SQLAuthority News – HP Project Moonshot Interchangeable and Interlockable Servers with Elastically Scale NuoDB

HP has recently released a new product called Project Moonshot.  For anyone interested in databases, server systems, or cloud computing, the description of this new option was intriguing.  On its most basic level, Project Moonshot is a scalable server system, available in small units that are easy to enlarge and can run a variety of databases and clouds – anything you can think up.

Update: Don’t forget to scroll all the way down and read call for action. I value your opinion about NuoDB.

Basics of Project Moonshot

Here are the basics:  Moonshot consists of interchangeable and interlockable servers that are much smaller and more energy efficient than traditional models.  A single Moonshot unit is 4.3U tall and can hold 45 servers, which connect together with 1G ethernet (between individuals) and 10G Ethernet (for the whole system).  The systems, though, are available for purchase individually, configured with an Intel Atom S1260 processor, 8 G of memory and 200GB SSD or 500GB HDD.

Obviously this doesn’t appear to be a server to knock anybody’s sock off, but once you start scaling up, the possibilities are endless.  This system can scale up to 180 nodes in a single unit.  The end game with this kind of system is to provide different for servers for different jobs (like computation, storage, or memory).  You can put 45 units into a 4.3 rack-unit, and suddenly you have the computing power to reckon with, and it still energy efficient.

NuoDB and Project Moontshot

I’m sure a lot of minds are racing right now, thinking up ways to use this new technology.  Well, NuoDB certainly was.  They have been test driving this new system for the past few weeks, and have come up with some unique trials to best utilize and test Moonshot.  NuoDB designed tests to help showcase what they do best: scalable and cloud databases.

NuoDB took a real world situation in mind.  In the real world, hosts have multiple websites (like blogs) that all gets steady but low traffic.  However, if a blog is lucky, it will start attracting a lot of attention.  Attention = traffic.  A lot of traffic can seriously slow servers down if there is not enough computing power dedicated to them.  That is where a scalable system like Moonshot comes into play.  NuoDB also implemented some of their own techniques into the tests to show the full integration possibilities of Moonshot.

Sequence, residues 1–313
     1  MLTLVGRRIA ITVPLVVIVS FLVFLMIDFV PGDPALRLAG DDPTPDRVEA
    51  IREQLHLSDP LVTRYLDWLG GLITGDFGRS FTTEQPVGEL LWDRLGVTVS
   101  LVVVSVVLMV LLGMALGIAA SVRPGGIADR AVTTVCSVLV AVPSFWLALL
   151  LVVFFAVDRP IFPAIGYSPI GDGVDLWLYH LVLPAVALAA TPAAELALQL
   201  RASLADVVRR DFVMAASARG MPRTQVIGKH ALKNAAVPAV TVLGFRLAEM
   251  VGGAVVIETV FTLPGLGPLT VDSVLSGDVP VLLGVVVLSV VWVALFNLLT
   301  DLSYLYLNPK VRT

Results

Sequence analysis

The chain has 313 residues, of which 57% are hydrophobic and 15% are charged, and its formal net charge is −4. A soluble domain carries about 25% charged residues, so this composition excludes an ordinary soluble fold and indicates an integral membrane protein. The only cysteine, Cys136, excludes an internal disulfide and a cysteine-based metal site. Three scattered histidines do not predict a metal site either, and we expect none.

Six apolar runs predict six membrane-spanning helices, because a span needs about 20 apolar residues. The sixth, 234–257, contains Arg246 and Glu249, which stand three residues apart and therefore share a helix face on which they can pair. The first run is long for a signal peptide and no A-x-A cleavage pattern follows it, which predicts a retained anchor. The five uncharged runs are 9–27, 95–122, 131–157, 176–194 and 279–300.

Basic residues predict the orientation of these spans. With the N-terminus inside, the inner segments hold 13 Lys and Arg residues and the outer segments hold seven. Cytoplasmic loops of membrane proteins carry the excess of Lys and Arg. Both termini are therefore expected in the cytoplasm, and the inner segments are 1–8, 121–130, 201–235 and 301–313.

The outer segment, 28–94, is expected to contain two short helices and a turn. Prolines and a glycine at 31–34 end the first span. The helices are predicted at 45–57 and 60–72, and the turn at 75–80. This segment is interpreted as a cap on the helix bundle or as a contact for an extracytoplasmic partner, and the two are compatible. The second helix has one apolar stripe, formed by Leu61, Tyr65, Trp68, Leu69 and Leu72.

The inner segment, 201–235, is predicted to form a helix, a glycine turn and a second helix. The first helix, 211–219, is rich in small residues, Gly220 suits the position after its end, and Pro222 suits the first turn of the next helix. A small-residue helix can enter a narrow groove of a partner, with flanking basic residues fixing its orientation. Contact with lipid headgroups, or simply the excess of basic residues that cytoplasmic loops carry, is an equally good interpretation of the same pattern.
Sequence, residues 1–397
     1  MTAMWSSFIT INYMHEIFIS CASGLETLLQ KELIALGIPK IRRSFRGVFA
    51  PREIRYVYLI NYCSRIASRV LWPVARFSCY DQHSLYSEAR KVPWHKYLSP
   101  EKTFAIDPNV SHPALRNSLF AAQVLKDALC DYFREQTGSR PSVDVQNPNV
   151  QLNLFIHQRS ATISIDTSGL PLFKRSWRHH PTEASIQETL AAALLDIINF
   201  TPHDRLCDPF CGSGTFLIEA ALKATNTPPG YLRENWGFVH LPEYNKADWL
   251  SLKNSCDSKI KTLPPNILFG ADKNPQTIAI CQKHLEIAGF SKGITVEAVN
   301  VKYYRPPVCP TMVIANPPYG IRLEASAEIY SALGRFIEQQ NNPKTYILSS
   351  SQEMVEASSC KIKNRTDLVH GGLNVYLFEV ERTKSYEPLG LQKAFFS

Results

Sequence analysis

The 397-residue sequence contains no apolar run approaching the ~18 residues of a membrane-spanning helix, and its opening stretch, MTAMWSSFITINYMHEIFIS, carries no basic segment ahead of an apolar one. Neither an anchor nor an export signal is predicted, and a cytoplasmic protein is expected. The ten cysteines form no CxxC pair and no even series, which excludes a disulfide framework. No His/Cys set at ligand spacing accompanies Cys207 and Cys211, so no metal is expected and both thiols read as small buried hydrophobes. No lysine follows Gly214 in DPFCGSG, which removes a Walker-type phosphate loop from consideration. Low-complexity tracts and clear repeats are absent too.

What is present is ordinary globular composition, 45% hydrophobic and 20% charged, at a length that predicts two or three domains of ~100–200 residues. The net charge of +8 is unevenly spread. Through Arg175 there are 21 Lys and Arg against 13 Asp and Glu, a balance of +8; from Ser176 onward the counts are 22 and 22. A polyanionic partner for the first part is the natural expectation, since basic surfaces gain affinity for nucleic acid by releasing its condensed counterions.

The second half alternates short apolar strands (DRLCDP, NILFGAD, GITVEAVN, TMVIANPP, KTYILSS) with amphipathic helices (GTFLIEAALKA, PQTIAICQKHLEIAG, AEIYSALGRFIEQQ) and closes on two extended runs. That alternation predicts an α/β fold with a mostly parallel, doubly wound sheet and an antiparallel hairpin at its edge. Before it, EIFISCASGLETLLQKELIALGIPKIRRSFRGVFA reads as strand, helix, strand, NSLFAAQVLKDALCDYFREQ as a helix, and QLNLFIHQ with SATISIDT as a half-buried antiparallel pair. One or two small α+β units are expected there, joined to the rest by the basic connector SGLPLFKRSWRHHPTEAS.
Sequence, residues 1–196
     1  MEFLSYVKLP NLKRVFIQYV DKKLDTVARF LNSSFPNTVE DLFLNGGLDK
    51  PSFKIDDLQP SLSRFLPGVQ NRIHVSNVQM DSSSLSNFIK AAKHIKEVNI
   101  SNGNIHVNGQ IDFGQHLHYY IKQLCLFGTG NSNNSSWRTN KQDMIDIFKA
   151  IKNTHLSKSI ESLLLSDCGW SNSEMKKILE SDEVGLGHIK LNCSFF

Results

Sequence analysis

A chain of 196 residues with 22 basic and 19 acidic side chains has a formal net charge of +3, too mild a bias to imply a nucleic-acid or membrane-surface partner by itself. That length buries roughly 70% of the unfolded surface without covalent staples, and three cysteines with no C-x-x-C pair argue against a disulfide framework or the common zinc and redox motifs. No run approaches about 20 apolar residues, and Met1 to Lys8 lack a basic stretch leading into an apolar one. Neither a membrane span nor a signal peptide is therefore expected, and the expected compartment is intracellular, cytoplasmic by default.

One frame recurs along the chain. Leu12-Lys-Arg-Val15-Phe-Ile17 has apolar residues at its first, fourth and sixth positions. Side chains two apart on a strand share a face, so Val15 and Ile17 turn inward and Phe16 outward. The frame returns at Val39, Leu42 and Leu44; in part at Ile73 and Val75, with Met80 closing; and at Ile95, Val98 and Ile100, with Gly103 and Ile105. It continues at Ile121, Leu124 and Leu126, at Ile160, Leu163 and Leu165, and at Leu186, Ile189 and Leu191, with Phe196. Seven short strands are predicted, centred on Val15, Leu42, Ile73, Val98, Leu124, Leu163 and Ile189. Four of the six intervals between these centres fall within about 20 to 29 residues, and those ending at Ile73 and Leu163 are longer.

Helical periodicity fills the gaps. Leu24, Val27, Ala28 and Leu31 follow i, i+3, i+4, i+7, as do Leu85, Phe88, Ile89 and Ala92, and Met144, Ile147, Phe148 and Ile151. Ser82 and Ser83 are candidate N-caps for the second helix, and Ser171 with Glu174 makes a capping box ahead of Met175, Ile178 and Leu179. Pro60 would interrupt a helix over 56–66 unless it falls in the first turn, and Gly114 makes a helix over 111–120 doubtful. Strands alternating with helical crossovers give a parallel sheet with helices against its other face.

For example: hibernating and waking databases.  By keeping some computing power “in reserve,” Moonshot helps administrators take full advantage of all the database, assigning rules to govern when and how memory is used.  For high traffic sites or times, more power is parceled out for those needs, and less is used when less is needed.  The idea seems simple, but implementation required the Moonshot Project for it to become a reality.

This is a simple overview of a long-ranging project that looked at many different variables and what Moonshot was capable of under different circumstances.  The result, though, was that even when running 7200 active databases, they were only using about 70% of the system, leaving a huge percentage of power for extra growth and capacity.  Check out the NuoDB website for more details about this exciting new project!

Call for Action

Download NuoDB and try out their new innovation. The installation and download is extremely easy. I will be very interested to know what is your experience with NuoDB.

Further Reading

NuoDB team have been writing lots of interesting blog post on the subject of Moonshot. I strongly suggest you to read them.

Reference: Pinal Dave (http://blog.sqlauthority.com)

About these ads

Leave a Reply

Fill in your details below or click an icon to log in:

WordPress.com Logo

You are commenting using your WordPress.com account. Log Out / Change )

Twitter picture

You are commenting using your Twitter account. Log Out / Change )

Facebook photo

You are commenting using your Facebook account. Log Out / Change )

Google+ photo

You are commenting using your Google+ account. Log Out / Change )

Connecting to %s